The Soufan Group Morning Brief


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FRIDAY, OCTOBER 14, 2016
GUANTANAMO REVIEW BOARD FINDS 24TH DETAINEE TOO DANGEROUS TO RELEASE

The Periodic Review Board at Guantanamo Bay has found another detainee, Saudi-born Hassan Bin Attash, too dangerous to release, making him the 24th “forever prisoner” held at the U.S. military prison. Hassan Bin Attash is the younger brother of Walid Bin Attash, who is awaiting a war court trial as an alleged deputy in the 9/11 attacks. Hassan Bin Attash is suspected of serving as an explosives specialist and aide to several senior Al Qaeda members. He was captured in Pakistan in 2002 and held for at least 120 days by the CIA. He arrived at Guantanamo in 2004 and has never been charged with a crime. Miami Herald

NEW YORK BOMBING SUSPECT PLEADS NOT GUILTY IN FIRST COURT APPEARANCE
The suspect in last month’s New York and New Jersey bombings pleaded not guilty on Thursday to charges related to his attempted murder of police officers during the shootout prior to his arrest. Ahmad Khan Rahimi appeared before a New Jersey court via video conference from a hospital, where he continues to recover from wounds he sustained during the shootout. New York Times, Washington Post, NBC

Use-of-Force Database: The FBI announced it will launch a pilot program next year to collect use-of-force statistics from around the country to create a national database of police interactions with the public. Attorney General Loretta Lynch said on Thursday that the program aims “toward increasing transparency and building trust between law enforcement and the communities we serve,” and that “accurate and comprehensive data on the use of force by law enforcement is essential to an informed and productive discussion about community-police relations.” Washington Post


FORMER NUCLEAR LAUNCH OPERATORS WARN AGAINST TRUMP
Ten former nuclear launch operators have signed an open letter declaring that they think Donald Trump cannot be trusted with the country’s nuclear codes. The former operators said the command of nuclear weapons requires “composure, judgment, restraint and diplomatic skill” and said that Trump “has shown himself time and again to be easily baited and quick to lash out, dismissive of expert consultation and ill-informed of even basic military and international affairs—including, most especially, nuclear weapons.” Washington Post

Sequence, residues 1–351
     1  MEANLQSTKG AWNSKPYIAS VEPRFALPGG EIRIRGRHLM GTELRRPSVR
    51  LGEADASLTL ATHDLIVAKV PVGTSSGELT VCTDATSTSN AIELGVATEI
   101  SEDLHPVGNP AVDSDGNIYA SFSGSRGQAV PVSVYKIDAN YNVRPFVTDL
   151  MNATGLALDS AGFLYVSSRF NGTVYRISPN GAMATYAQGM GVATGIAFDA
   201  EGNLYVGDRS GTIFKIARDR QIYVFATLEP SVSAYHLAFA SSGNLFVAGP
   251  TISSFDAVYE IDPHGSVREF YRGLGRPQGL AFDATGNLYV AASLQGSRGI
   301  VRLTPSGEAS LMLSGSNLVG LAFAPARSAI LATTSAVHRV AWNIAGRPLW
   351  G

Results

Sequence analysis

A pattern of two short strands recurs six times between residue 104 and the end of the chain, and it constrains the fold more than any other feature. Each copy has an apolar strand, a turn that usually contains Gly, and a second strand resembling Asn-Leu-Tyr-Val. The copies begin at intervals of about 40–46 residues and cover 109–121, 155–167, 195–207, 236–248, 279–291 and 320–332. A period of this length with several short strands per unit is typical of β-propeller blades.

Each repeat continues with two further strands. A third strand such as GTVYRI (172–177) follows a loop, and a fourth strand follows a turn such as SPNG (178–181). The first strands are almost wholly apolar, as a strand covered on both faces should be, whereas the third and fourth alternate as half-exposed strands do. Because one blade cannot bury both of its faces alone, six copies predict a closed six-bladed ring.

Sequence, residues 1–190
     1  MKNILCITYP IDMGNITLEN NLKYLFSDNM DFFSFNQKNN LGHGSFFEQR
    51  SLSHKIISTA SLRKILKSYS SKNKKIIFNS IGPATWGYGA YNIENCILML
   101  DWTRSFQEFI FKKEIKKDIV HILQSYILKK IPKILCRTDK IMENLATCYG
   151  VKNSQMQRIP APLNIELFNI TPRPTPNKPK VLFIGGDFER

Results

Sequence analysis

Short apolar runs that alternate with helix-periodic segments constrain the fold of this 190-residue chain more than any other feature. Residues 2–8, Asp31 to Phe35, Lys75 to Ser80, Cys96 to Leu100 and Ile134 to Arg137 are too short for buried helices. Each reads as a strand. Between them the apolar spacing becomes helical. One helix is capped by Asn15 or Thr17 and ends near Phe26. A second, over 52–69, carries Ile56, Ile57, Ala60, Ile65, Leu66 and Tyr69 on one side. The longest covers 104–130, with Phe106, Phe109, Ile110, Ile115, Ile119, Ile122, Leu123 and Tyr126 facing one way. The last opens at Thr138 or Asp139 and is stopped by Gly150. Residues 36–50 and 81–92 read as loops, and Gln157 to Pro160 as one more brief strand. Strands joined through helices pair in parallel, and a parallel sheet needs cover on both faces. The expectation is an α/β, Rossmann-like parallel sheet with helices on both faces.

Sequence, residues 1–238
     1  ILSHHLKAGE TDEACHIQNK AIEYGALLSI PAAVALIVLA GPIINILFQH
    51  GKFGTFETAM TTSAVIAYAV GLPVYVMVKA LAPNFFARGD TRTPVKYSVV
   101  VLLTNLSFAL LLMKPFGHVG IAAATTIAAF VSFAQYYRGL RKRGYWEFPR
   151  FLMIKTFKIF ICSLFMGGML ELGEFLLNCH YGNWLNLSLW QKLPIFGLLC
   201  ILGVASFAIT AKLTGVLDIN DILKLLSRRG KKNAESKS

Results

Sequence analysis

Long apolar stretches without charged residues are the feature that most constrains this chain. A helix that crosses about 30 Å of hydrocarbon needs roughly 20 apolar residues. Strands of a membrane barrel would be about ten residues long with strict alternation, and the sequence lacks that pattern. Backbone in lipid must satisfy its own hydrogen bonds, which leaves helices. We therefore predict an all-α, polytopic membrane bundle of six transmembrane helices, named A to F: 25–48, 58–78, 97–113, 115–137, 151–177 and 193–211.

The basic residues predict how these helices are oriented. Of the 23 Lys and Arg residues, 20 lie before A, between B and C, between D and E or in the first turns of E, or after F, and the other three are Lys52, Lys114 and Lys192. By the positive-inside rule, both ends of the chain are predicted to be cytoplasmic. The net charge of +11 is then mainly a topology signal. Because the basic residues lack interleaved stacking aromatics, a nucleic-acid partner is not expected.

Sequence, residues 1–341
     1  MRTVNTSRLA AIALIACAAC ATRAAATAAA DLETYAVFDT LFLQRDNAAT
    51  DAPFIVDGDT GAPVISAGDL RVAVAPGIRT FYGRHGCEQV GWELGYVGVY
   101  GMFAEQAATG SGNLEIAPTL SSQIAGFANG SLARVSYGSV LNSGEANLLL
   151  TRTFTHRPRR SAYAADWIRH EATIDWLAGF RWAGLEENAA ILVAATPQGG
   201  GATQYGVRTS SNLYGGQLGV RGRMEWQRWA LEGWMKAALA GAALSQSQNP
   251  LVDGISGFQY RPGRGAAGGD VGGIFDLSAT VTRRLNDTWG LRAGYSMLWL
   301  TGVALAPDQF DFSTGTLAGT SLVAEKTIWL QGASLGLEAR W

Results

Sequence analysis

U.S. SUPPORT TO SAUDI ARABIA DEPENDS ON COMPLIANCE WITH YEMEN CEASEFIRE
Future U.S. military assistance to Saudi Arabia will depend partly on whether the kingdom complies with a UN and U.S.-backed ceasefire with Houthi rebels, according to a senior government official. The Obama administration is reportedly attempting to distance itself from the Saudi-led military coalition that has repeatedly killed civilians in Yemen. Washington Post

Related:
New York Times: Yemen Sees U.S. Strikes as Evidence of Hidden Hand Behind Saudi Air War
The Hill: Report: US-made bomb used in 'apparent war crime' in Yemen

Syria: A car bomb killed at least 20 people, mostly Syrian fighters, near a checkpoint close to the Bab al Salama crossing along the Turkey-Syria border. The explosion occurred near a checkpoint manned by a group of fighters from the Free Syrian Army’s Jabhat al Shamiya. Reuters


United Nations: On Thursday, the United Nations formally appointed former Portuguese Prime Minister Antonio Guterres as its next secretary-general. Guterres will take over for Ban Ki-moon on January 1, 2017 for a term lasting through 2022. The Hill
TOP OP-EDS
The Russian Hacking Whodunnit: “If U.S. intelligence officials are to be believed, Putin has escalated the battle by feeding Wikileaks purloined Clinton campaign emails. But they’ve offered no definitive proof of a link between the two,” writes Jeff Stein on Newsweek. “Should the Obama administration up the ante on Putin, meanwhile, the Russians have plenty of chips to play with.”

The Spy We Forgot: Intelligence officials “were forewarned about the vulnerability of digital secrets a full 16 years ago by the actions of a little-known traitor named Brian Regan. A signals analyst at the National Reconnaissance Office—an agency responsible for managing the country’s spy satellites—Mr. Regan pulled off a heist of more than 20,000 documents containing top-secret satellite images and reports, which he tried to sell to Iraq and Libya,” writes Yudhijit Bhattacharjee in The New York Times.

How to Win the Cyberwar Against Russia: “What’s much less clear is what a ‘proportional’ response [against Russia] could mean. This is an unprecedented situation for the American national security establishment—which means the Obama administration’s response will set a precedent for future foreign-directed cyber-plots,” writes James Stavridis on Foreign Policy. “All of this should be done in a very careful, measured fashion. The potential for miscalculation and escalation is high. But that potential pertains both to a possible overreaction as well as an under-reaction by the U.S. government.”
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For cutting-edge analysis of the geopolitical events shaping global affairs, read today’s TSG IntelBrief: Confronting Ambush Attacks Against Police




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